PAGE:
A ring decorated with the monogram of King Leopold 1st

This man’s gold ring, together with its original box and the deed of gift, was acquired by the Christian Bauwens Fund. It is a wonderful example of the Royal Family’s habit of giving jewellery to court dignitaries, artists, industrialists and civil servants, in recognition of services given. Made by the jeweller Jean-Baptiste Dees, appointed to the royal household, the ring is a rather rare and well-documented example of the art of Belgian jewellery from the first half of the 19thcentury.

The crowned monogram of King Leopold I is set with diamonds on an oval medallion of blue enamel. Around this are four large diamonds and four smaller diamonds set in silver, each surrounded and linked together by gold leaves. The ring is presented in a leather box, in the shape of a shell, lined inside with velvet and silk, and has a gilded brass fastener. It is possible that similarly-shaped ceremonial rings, engraved with the monogram of the French King Louis-Philippe, served as models for this ring.

Offering jewellery as a mark of gratitude was, for royalty of the period, the most natural gesture in the world. King Leopold I and Queen Louise-Marie, one of King Louis-Philippe’s daughters gave several gifts of jewellery to members of their family and ladies-in-waiting, but also, for certain special occasions or in recognition of an exceptional achievement, to artists and industrialists.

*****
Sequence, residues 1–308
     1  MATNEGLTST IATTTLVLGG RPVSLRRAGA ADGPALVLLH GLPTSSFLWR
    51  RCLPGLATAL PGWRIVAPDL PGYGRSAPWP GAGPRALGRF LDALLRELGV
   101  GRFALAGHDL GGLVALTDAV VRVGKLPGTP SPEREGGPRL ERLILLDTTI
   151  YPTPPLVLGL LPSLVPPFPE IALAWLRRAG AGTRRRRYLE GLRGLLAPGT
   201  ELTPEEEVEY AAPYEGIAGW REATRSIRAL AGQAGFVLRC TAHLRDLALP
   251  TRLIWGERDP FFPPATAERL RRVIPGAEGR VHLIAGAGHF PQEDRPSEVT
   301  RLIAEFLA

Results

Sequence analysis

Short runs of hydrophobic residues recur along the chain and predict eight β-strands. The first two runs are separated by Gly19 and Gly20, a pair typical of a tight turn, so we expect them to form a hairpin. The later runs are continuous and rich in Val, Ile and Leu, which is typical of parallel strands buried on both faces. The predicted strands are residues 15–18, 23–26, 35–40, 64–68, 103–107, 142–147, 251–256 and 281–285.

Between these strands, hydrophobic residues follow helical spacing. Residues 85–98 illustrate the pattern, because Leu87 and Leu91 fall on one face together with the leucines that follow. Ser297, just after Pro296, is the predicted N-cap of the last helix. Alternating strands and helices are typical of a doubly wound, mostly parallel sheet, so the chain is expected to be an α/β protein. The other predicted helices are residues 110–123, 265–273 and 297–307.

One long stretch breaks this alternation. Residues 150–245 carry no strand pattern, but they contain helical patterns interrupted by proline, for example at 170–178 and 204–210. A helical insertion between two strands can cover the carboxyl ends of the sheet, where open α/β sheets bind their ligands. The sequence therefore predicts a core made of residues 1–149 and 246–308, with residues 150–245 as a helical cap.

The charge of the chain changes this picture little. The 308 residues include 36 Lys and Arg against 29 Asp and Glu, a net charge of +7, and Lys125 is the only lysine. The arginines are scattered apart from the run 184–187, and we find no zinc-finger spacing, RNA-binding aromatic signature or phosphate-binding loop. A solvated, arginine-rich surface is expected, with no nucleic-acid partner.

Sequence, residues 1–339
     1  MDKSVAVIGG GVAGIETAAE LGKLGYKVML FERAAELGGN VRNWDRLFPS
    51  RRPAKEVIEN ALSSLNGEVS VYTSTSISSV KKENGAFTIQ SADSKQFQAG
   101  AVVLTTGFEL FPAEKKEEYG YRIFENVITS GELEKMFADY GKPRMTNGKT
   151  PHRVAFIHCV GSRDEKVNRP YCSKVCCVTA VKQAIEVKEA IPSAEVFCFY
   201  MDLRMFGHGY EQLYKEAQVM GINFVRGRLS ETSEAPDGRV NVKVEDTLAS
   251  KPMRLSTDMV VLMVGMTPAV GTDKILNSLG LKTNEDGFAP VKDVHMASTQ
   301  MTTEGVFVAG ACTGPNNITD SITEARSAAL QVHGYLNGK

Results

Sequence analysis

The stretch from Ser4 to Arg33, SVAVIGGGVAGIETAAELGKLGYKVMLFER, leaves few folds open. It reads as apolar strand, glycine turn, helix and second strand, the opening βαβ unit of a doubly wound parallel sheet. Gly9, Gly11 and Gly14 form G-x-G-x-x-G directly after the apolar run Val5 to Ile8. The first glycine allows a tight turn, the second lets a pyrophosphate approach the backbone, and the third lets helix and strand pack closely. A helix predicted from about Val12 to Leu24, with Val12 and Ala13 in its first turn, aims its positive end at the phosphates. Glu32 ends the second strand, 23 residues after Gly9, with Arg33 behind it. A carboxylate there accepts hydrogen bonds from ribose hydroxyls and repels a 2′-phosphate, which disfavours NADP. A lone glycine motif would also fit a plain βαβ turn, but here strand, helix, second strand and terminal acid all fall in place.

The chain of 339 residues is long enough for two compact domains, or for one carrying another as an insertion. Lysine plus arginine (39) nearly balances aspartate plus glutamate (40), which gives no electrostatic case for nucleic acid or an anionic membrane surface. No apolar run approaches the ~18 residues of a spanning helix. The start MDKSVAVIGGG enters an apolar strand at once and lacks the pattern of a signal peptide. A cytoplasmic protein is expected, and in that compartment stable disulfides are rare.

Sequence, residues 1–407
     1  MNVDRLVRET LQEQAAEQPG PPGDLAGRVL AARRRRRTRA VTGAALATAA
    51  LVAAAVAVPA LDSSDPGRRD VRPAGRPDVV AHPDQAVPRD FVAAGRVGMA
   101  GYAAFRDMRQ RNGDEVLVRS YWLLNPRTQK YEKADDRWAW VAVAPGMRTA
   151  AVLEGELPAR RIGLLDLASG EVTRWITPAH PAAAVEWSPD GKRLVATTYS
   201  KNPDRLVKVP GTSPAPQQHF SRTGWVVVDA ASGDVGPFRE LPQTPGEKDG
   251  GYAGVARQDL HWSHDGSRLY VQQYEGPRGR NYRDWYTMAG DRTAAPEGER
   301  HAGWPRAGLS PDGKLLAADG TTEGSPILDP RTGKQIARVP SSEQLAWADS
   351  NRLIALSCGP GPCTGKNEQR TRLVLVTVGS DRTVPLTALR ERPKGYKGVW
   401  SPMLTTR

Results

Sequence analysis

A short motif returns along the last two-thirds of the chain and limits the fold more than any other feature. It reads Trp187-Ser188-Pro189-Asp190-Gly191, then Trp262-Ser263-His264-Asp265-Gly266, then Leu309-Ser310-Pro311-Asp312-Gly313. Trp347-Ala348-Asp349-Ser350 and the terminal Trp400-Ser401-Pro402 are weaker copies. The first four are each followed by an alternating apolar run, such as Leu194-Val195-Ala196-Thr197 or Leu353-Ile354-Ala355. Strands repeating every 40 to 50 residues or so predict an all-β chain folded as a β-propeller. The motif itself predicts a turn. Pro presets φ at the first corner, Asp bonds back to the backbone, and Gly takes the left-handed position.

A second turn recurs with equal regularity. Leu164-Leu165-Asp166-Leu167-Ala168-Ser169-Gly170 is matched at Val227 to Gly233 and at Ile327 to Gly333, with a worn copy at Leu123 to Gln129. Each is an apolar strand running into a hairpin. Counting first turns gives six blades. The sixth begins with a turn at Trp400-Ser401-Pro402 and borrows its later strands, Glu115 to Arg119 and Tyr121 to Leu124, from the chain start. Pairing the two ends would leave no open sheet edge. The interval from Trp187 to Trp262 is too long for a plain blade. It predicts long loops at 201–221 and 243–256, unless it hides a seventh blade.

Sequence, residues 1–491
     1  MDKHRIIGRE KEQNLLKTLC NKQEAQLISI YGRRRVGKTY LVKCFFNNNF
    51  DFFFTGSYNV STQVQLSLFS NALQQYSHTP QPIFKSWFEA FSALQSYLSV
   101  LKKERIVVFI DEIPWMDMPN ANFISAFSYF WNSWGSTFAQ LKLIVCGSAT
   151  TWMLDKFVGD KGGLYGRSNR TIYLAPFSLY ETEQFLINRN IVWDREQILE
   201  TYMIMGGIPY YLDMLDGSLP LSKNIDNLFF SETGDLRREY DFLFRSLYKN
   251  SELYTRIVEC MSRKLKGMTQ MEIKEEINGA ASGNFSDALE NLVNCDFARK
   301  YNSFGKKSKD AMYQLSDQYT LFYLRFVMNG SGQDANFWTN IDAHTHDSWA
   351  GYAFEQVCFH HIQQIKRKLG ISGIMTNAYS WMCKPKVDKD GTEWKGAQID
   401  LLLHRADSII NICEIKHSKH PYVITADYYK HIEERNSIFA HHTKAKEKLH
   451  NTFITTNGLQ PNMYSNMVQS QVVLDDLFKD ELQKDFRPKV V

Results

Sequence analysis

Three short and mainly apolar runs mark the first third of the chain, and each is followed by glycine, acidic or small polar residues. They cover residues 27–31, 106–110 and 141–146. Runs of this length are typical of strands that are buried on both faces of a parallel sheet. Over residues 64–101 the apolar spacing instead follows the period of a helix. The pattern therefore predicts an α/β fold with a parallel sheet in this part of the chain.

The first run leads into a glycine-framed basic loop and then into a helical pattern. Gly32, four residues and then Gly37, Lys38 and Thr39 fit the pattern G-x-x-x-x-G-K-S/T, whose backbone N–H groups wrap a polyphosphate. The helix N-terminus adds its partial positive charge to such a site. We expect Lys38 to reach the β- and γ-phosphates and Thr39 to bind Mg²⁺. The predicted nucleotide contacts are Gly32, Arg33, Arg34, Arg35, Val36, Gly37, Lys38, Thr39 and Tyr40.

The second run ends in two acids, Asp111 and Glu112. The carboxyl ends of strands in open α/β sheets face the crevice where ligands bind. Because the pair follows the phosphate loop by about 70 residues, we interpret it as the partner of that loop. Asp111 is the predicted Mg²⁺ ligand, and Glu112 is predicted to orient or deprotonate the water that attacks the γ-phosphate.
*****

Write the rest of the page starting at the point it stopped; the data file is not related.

This ring was offered to Gérard Waefelaer in 1835, on the occasion of the birth of Leopold II, for whom, in the role of registrar, he drew up the birth certificate. The accompanying letter was written and signed by the King’s secretary, Edward Conway. Waefelaer had actively participated in the revolution (against the Dutch) a few years before. Decorated with the Iron Cross, he was made Knight of the Order of Leopold.

Jean-Baptiste Dees worked in Brussels from 1825 to 1851 as a silversmith, jeweller and diamond setter. From 1838 at least, he was jeweller to His Majesty the King and Her Majesty the Queen. In addition to jewellery, Jean-Baptiste Dees sold gold snuff boxes and participated in making trophies for the royal household, in collaboration with the engraver Isidore Jouvenel and Brussels silversmith Paul Wouters.

Look this object up on the website of DIVA – Diamond, Jewellery and Silver Museum, Antwerp.

Related objects :

Ring box: leather, silk and brass; 43 x 43 x 50 millimetres
Deed of gift: pen on paper; 275 x 222 millimetres

Material / technique: 
Gold, silver, diamonds and enamel
H 32 millimetres, Ø 23 millimetres
Type of acquisition: 
Acquired by the Christian Bauwens Fund
Year of acquisition: 
Depository institution: 
DIVA – Diamond, Jewellery and Silver Museum, Antwerp